I’ve had multiple tagines in my time and they have come in various shapes and sizes. Some have been like stews, others have been simple meat and vegetables cooked in those conical terracotta pots. That latter one may not sound overly exciting but I had one in Morocco with lamb, potatoes, and onion (plus assorted vegetables) and it was actually amazing. I have no idea how they made those few ingredients taste so good.
Considering that lack of awareness, plus my fondness for a good stew, I opted to try and make that version. Since The Flatmate and I already have a good stash of spices in our cupboard and our local food market, with its array of grocers and butchers in Brixton, is full of bargains, I figured trying tagine myself would be a bargain compared to buying it out or flying out to Morocco to find some.
I have been on a bit of an aubergine fix lately, so decided to throw some of that in, along with my lamb, instead of the traditional apricot/date accompaniments. I’m not a massive fan of either of those things with meat. I also threw in some chopped tomatoes. I figured that since I find them a welcome ingredient in my favourite/regular lamb curry, they would be good here too – and they were. Having said that, three hours and much stirring later, both the tomato and aubergine had basically dissolved into the sauce, leaving only their seeds and skin, but they sauce tasted great (even if I do say so myself) so I guess they worked their magic.
I decided to pair my tagine with some Mediterranean-inspired cous cous. Although there is probably enough going on in the tagine to be able to get away with some plain cous cous, I thought the tomato, red pepper and spring onion would go nicely with the sauce. They also gave it a bit of a crunch to make up for the dissolved aubergine and tomato. However, if you can’t be bothered with quite so many ingredients then that may be a good place to start. The ketchup and the white wine used in the sauce could be other places – I added these later in order to beef up the flavour a bit to suit my own taste.
Ingredients – serves 2
- 400g lamb shoulder, diced and de-boned
- 1/2 aubergine
- 1 tomato, diced
- 400ml beef stock
- 100ml white wine
- 400g chopped tomatoes
- 2 tbsp tomato paste
- 1 onion, diced
- 1 garlic clove, crushed
- Ground black pepper
- 1 tbsp paprika
- 1 tbsp turmeric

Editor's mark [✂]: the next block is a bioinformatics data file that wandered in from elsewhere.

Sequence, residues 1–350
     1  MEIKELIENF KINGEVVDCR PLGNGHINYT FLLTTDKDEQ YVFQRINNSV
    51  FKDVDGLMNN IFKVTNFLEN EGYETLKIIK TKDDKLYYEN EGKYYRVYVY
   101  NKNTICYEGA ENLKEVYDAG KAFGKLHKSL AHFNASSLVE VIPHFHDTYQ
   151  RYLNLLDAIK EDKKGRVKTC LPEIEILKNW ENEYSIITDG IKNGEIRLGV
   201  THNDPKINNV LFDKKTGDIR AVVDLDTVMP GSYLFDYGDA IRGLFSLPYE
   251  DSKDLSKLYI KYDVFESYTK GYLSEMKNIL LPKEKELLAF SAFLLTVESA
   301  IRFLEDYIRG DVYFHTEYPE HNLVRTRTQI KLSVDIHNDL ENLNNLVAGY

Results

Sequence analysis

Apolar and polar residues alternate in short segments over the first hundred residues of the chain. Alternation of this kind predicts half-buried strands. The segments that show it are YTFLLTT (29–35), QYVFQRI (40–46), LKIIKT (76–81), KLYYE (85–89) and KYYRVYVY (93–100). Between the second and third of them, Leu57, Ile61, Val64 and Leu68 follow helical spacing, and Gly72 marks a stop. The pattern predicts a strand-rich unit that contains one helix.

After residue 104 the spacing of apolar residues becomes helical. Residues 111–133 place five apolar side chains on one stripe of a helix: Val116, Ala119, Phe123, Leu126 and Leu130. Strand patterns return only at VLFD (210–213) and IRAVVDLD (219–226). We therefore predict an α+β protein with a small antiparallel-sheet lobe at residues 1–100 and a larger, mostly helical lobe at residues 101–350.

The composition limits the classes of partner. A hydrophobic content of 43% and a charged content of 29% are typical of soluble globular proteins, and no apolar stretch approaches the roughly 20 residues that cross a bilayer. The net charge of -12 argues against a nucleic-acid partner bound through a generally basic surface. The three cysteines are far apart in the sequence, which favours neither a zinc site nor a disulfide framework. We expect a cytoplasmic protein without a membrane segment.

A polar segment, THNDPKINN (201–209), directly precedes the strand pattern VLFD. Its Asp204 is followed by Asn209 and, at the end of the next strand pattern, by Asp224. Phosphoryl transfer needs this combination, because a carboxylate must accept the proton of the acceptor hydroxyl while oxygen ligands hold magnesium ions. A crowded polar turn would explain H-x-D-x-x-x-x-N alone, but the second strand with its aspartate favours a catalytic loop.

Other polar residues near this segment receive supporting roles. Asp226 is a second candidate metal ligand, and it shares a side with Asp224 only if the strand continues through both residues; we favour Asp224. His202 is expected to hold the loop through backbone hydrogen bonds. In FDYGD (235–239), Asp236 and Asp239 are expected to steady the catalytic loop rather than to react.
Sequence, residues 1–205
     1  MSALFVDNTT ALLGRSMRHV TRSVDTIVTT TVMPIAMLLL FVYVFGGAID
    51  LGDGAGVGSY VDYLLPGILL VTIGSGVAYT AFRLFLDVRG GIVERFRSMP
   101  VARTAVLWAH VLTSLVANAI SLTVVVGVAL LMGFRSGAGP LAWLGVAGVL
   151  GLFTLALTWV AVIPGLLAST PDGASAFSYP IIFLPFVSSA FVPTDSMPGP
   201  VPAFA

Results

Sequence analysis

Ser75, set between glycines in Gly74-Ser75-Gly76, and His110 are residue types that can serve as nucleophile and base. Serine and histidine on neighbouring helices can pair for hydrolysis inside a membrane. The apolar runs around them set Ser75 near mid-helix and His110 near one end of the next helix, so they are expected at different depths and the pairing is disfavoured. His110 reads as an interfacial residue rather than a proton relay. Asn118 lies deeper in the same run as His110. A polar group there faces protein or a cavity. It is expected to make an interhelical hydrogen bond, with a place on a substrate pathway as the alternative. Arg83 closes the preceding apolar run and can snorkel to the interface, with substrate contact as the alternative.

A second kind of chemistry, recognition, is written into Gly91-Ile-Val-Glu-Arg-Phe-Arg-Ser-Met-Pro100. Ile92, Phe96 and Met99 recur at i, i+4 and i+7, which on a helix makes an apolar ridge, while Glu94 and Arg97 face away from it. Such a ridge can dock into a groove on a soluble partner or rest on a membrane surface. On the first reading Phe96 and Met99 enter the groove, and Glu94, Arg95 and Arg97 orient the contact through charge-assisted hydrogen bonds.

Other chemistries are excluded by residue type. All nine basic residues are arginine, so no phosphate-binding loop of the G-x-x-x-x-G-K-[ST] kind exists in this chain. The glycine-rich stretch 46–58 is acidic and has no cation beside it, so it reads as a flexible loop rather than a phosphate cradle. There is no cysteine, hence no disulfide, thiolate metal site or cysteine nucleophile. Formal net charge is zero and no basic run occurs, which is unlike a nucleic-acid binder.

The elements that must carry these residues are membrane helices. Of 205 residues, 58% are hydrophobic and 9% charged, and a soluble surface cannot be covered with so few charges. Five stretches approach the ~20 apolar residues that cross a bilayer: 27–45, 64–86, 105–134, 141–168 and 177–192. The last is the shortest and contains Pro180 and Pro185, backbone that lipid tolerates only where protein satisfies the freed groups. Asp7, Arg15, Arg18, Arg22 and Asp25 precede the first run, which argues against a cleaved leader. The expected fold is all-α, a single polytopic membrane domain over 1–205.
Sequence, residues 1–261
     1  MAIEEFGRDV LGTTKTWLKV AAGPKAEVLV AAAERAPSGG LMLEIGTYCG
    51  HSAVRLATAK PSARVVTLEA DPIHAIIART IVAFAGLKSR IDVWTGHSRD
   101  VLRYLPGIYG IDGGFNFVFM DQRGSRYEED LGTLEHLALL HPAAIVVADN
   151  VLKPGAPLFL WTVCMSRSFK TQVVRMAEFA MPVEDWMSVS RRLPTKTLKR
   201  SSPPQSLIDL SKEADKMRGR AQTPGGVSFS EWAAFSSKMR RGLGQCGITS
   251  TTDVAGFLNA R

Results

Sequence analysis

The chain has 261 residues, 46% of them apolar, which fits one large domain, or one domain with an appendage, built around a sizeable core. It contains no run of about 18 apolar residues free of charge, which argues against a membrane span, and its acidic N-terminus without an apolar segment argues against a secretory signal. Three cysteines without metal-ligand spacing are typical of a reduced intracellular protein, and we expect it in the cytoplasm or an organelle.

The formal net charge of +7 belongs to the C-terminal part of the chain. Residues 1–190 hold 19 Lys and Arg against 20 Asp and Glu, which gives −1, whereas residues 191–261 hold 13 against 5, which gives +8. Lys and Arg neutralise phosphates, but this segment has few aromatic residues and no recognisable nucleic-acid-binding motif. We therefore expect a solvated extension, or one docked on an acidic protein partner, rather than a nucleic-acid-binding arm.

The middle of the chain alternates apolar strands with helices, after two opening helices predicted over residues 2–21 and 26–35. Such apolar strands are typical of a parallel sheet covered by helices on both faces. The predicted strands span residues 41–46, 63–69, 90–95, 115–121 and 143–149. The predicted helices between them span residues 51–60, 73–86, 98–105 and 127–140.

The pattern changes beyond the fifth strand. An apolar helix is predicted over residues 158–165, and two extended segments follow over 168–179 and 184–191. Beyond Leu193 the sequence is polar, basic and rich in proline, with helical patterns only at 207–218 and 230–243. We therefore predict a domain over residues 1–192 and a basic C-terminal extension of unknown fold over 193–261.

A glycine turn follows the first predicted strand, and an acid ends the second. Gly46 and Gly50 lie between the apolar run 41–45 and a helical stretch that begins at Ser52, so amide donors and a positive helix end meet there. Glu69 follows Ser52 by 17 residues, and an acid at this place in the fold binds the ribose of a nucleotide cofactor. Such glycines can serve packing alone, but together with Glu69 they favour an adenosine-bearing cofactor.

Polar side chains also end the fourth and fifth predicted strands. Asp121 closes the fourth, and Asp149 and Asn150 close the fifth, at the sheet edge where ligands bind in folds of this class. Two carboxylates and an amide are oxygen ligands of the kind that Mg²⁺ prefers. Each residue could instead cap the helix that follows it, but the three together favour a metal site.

- 1 tsp cayenne pepper
- 2 tsp cinnamon (to taste)
- 1.5 tbsp honey
- 1 tbsp fresh coriander leaves, torn up
- 1 tbsp cornflour and cold water
- Olive oil
Mediterranean Vegetable Cous Cous
- 100 cous cous
- 150ml vegetable stock
- 1 tomato, diced
- 2.5 tbsp chopped spring onion
- 1/2 red pepper, diced
- Heat the oven to 160°C.
- Heat some olive oil in a pan and brown the lamb. Once it’s sealed, put it aside in a bowl.
- Fry the onion, garlic and aubergine until they start to soften. Then add in the tomato and lamb and coat everything in the tomato paste.
- Sprinkle over the paprika, turmeric, cayenne pepper and cinnamon and add a few twists of ground black pepper.
- Next pour in the chopped tomatoes, beef stock, honey and white wine and add a squirt of ketchup. Stir together and add the coriander.
- Put the cornflour in a mug and put in just enough cold water to cover it. Mix together and then pour into the sauce. Mix it in until the sauce starts to thicken.
- Tip the mixture into a casserole dish and put in the oven for 2 hours. Stir periodically.
- After two hours, take the casserole dish out of the oven and pour the mixture into a pan and simmer for a further hour, stirring regularly. I did this to reduce the sauce and attempt to get a richer taste. It may well have worked if I had left it in the oven but taking it out definitely did the trick.
- 20 minutes before the tagine is done, put the vegetable stock into a pan and bring to the boil. Then add the cous cous and simmer on a low heat for five minutes before putting it aside to stand for 10 minutes.
- While making the cous cous, fry the tomato, red pepper and spring onion until they soften. Once the cous cous is done, mix in the vegetables.
- Et voilà!! You are now ready to serve that up.